How two Mexican media startups have survived the COVID-19 crisis

by Sebastián Auyanet
Feb 18, 2021 in COVID-19 Reporting

Digital media startups over the past year have dealt with major economic and societal challenges due to COVID-19. Two independent news sites in Mexico, and La Verdad de Ciudad Juárez, have not only weathered the global health crisis — they’ve managed to grow their newsrooms thanks to well-defined, flexible business models.

Both news organizations were members of the first cohort of SembraMex, a program designed to help independent media organizations along the U.S.-Mexico border become more sustainable. Organized by SembraMedia, the program is run in partnership with the International Center for Journalists and the Border Center for Journalists and Bloggers

During the 2019 iteration of the program, and La Verdad experimented with different strategies to diversify their revenue sources and improve sustainability, something web traffic and digital advertising alone can’t accomplish.

Here are some key lessons learned from the two news sites’ efforts over the past year to not only stay afloat, but grow their operations. 

Develop diverse, adaptable business models

Based in Monterrey, Mexico, specializes in fact-checking with a focus on gender and human rights. For the newsroom’s fact-checking experts, creating a well-defined, adaptable business model not exclusively tied to web traffic was key.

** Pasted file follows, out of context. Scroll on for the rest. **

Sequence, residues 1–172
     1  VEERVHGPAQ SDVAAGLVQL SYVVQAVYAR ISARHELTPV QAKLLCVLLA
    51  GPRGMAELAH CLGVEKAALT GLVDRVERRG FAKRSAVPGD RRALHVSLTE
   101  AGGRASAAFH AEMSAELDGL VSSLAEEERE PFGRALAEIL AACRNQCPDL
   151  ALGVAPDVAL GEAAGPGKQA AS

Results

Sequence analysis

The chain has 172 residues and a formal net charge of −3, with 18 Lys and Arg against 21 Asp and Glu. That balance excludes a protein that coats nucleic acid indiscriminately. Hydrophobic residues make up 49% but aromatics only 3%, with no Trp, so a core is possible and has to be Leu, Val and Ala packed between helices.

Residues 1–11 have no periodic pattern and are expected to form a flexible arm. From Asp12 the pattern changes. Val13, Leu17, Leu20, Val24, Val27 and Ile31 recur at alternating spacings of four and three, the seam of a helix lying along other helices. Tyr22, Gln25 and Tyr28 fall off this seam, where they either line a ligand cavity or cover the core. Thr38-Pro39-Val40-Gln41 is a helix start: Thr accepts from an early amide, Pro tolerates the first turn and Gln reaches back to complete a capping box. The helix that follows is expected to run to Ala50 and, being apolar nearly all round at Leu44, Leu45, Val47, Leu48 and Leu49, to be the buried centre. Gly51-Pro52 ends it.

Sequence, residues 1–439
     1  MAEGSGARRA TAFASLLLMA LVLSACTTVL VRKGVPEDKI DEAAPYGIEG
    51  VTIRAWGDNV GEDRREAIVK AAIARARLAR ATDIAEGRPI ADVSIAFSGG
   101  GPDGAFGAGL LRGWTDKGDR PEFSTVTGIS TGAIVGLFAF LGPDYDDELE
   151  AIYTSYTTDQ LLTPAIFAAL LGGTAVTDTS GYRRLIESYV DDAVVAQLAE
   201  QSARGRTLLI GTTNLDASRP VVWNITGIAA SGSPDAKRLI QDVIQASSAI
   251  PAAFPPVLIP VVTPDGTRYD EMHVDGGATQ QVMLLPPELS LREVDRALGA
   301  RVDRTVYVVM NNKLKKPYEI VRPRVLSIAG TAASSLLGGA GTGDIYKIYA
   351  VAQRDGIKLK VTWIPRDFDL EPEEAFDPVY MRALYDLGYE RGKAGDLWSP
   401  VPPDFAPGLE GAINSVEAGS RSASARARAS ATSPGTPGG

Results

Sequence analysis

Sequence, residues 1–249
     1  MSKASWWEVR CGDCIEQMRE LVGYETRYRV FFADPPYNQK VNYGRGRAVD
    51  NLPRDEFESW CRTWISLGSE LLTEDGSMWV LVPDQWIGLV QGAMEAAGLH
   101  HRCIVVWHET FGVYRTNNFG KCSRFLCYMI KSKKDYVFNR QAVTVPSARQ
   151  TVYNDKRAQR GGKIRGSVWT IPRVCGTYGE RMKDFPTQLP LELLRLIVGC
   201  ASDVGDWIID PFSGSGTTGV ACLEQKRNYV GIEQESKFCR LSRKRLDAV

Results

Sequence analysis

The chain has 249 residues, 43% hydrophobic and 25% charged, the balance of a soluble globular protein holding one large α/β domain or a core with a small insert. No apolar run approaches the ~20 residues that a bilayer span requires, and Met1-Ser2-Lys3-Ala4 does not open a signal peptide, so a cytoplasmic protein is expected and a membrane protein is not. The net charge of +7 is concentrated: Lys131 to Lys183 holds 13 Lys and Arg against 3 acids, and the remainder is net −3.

Team members drew on their expertise to cultivate potential clients for whom they could offer consulting and fact-checking courses. “In that regard, 2020 was a very good year for us, given we now have seven new clients,” said founder Daniela Mendoza.

The team, comprised of Syndy García, Deyra Melina Guerero, Liliana Elósegui y Daniela Mendoza.
Credit: Punto U, Universidad Autónoma de Nuevo León


Their clients include civil society organizations located across the country, for instance in Nuevo León and Jalisco. reporters offered fact-checking courses, as well as classes on reporting with a gender perspective and combating hate speech. They also worked with national and international clients, such as the U.S.-based It Gets Better, on LGBTQ-related issues.

Launch strategic partnerships initiated partnerships with other media organizations, which provided the newsroom with more resources and allowed them to increase their content output. “Joining fact-checking coalitions such as #LatamChequea or the Coronavirus Fact Checking Alliance gave us more grant funding, while also allowing us to share our professional fact-checking expertise internationally,” said Mendoza. 

[Read more: This checklist promotes better engagement and solutions reporting] has diversified revenue through other grants as well, including support from the Google News Initiative. The team also helps other news organizations in the region set up their own fact-checking teams. This is another revenue source for the newsroom.

The multi-faceted approach allows to combat misinformation in many more ways than by just publishing articles. At the same time, they’re able to improve their financial stability, establish the organization’s brand on a regional level, and promote the unique skills their team has to offer.

Look for alternative sources of revenue

“La Verdad did not escape the impacts of COVID-19,” said Rocío Gallegos, co-founder of La Verdad de Ciudad Juárez, one of the most important investigative journalism outlets along the U.S.- Mexico border. “The closure of the border [due to the pandemic] was a very hard blow, not only to our coverage and finances, but for our entire community,” she said.